The academic year begins in Venezuela in late September, but this year most public universities could remain closed because of a strike by professors asking for higher wages.
In early September the Popular Power Ministry for University Education, Science, and Technology (MPPEUCT) announced it had reached an agreement with university professors and workers unions on a new collective contract, including a new salary increment. The pro-government unions called the agreement “historic” and said the unions would be guarantors of the correct use of the resources the government would be spending on the universities.
However the main federation of independent professor’s union of the country, the Federación de Asociaciones de Profesores Universitarios de Venezuela (FAPUV) refused to sign the main “clause 83” of the agreement, in which the salary raise is established.
The salary agreement proposed by the government in clause 83 includes progressive increments counting back from January 2015 and running through September 2016. Starting next month a full time Instructor, entry level professor, would receive a monthly salary of 19,148 Bs., almost two and a half minimum salary wages. By September next year a full time Instructor will receive up to 22,978 (that is an impressive salary of 3,647$ at the lowest official exchange rate, but only $116 at the highest official exchange rate of Bs 198/$ and only 33$ at a parallel market rate of 700 Bs./$) FAPUV had been asking for an immediate increase of the entry level salary to at least 95,000 Bs.
FAPUV has also pointed out several inconsistencies in the government’s proposed salary increase, for example: adjunct instructors working on an hourly basis (tiempo convencional), would now earn slightly less. According to FAPUV an instructor working 7 hours a week received a monthly salary of 4,887 Bs. but would now see that salary reduced to 4,467 Bs. under the new agreement.
As a result, professor’s unions of several public universities announced a work stoppage at most public universities to start the new academic year. On September 18 FAPUV announced that the strike would be “indefinite,” that is, until the government reevaluates the salaries increase.
Professor’s assemblies met at several universities on September 23 to decide on whether to support FAPUV’s possition. According to FAPUV’s president, Lourdez Ramírez the professor’s unions of Universidad Simón Bolívar (USB), Universidad de los Andes (ULA), La Universidad del Zulia (LUZ), Universidad Experimental de Guayana (UNEG), Universidad Experimental Francisco de Miranda (UNEFM), Universidad Nacional Experimental del Táchira (UNET), Universidad Nacional Abierta (UNA), Universidad Centro Occidental Lisandro Alvarado (UCLA), and Universidad Central de Venezuela (UCV), will go on strike.
Of the mayor public universities, the unions of Univesidad de Oriente (UDO), Universidad de Carbobo (UC), and Universidad de los Llanos Ezequiel Zamora (UCLA), have yet to decide on their position. Professors of public pro-government new universities, such as the Universidad Bolivariana system are unlikely to participate in the strike.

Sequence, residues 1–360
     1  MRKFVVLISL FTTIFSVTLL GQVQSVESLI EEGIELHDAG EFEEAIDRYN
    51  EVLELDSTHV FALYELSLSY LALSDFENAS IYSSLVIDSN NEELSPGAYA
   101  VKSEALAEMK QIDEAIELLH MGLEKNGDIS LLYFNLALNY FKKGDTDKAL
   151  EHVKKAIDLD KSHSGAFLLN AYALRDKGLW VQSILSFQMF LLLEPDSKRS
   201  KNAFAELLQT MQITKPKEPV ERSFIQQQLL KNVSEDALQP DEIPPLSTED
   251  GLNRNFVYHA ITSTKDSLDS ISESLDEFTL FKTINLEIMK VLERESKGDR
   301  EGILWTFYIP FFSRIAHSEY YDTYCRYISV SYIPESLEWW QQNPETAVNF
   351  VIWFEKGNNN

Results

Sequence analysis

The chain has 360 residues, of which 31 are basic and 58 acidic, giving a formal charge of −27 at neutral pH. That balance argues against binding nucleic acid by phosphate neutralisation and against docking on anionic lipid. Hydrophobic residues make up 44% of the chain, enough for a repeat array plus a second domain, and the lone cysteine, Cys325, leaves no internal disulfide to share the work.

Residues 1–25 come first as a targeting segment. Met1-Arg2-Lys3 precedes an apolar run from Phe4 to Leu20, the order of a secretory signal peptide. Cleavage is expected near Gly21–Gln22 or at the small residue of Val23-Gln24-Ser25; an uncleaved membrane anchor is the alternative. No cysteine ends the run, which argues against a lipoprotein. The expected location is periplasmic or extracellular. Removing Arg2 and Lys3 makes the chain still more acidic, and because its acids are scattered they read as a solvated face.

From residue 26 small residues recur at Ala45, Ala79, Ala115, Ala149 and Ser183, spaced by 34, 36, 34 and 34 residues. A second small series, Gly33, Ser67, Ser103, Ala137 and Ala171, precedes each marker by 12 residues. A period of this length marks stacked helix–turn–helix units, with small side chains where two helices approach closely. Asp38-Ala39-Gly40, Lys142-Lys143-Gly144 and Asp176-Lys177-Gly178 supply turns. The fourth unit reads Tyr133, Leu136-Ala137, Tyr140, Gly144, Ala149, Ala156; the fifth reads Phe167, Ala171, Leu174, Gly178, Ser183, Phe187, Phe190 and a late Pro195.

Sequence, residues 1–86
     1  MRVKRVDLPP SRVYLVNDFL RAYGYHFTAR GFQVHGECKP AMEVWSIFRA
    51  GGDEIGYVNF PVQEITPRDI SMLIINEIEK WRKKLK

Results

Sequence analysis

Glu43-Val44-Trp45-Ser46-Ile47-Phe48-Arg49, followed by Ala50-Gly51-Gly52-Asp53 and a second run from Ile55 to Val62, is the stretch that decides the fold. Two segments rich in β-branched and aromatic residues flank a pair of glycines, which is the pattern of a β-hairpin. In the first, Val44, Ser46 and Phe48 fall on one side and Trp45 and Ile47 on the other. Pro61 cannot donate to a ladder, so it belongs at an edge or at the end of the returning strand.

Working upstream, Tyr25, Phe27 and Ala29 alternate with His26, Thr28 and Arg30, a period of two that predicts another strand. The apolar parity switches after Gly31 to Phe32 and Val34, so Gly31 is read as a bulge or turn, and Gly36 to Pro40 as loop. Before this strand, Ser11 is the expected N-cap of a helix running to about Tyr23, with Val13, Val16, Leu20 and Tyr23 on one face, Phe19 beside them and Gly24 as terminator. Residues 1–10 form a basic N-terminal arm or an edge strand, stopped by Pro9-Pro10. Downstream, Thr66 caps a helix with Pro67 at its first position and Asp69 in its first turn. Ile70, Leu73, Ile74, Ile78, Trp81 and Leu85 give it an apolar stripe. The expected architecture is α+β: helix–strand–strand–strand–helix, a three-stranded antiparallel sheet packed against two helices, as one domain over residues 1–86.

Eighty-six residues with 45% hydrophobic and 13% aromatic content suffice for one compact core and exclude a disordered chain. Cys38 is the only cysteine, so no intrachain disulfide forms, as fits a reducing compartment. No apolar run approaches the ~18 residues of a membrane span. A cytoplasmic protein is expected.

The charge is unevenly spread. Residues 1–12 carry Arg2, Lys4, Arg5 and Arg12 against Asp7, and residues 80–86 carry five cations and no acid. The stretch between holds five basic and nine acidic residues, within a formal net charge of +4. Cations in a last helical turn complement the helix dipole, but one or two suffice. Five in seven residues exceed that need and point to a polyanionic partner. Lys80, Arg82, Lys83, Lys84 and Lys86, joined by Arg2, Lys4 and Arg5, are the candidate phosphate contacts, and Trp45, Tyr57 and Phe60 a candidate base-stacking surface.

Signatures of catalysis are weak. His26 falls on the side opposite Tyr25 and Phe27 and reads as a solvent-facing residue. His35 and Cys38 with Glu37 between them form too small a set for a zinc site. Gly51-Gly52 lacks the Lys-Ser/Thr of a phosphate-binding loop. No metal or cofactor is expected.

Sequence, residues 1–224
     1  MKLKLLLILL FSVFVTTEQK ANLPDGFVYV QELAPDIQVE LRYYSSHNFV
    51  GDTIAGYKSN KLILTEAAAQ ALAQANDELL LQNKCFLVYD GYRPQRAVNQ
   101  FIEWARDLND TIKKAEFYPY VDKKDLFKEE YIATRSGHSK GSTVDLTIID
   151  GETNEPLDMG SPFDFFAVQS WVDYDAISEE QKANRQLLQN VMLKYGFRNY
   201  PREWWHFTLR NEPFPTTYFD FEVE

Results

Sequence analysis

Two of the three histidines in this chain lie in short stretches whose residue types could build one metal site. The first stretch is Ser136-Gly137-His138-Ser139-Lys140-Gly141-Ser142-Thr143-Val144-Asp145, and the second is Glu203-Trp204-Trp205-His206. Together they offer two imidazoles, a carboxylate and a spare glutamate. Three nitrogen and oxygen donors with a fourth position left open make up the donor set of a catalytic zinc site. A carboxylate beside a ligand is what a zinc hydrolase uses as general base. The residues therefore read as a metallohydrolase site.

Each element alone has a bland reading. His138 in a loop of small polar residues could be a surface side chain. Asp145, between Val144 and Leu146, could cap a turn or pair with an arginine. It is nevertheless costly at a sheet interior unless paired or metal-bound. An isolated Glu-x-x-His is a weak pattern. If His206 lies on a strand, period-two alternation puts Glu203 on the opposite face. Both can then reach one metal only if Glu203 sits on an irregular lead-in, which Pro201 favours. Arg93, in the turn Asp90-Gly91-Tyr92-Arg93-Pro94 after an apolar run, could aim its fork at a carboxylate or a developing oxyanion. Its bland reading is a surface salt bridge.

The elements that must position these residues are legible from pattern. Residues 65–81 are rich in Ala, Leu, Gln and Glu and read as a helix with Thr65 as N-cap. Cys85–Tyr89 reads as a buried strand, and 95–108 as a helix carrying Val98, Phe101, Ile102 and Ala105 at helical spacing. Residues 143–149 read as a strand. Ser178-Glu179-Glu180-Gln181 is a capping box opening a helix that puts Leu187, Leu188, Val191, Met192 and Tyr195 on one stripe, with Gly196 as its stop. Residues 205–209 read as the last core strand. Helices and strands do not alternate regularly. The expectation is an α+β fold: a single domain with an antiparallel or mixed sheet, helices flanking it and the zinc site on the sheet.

Apart from salary issues, universities claim they are suffering from budget constraints that could force them to suspend regular activities. UCV authorities say they have been offered only 32.6% of the budget they requested for 2016. Such claims by university authorities are a constant in the history of Venezuelan higher education. But this time it seems the constraints could affect basic student services for next year.
Authorities of the School of Engineering of the UCV have said that, strike or no strike, classes will not begin on September 27 as scheduled, but on October 19, and that only if the resources necessary for labs renovations and maintenance arrive on time. On September 14 USB authorities announced the closing of the student’s dining facilities. Students from ULA, UCV, and LUZ say that dining services have noticeably deteriorated this year. Meals almost free of charge served in public universities are one of the biggest and most sensitive student benefits.
Recurrent crises in Venezuela’s public universities are in part due to a publicly funded model of free higher education that is very sensitive to public spending cuts. Conflicts have also been fueled by the government’s struggle to gain political control of public universities.
Lissette González, a sociologist at the private Universidad Católica Andrés Bello (UCAB), explains why this crisis is worse than the previous ones: “Venezuela’s public universities follow the model of free education for students. With the decrease in real terms of professor’s salaries, the immediate initial result is a rapid deterioration of the quantity and quality of the universities basic support services. But if you add high inflation, which is something that directly hits salaries, universities start to lose the human capital they have been training for decades. Professors begin to ask for retirement, they change jobs, or emigrate. Without them it is impossible for the universities to do research or teach.”
There are no official numbers on Venezuela’s academic diaspora, but according to the president of UCV’s professor’s union, Victor Marquez, around 700 UCV professors have left the country in recent years. Iván de la Vega, a sociologist at USB and a researcher of intellectual emigration processes, says that at least 240 USB professors have left the country. The administrative vice-chancellor of LUZ, María Muñez, reported last year that her school had “1.577 unfilled academic posts.”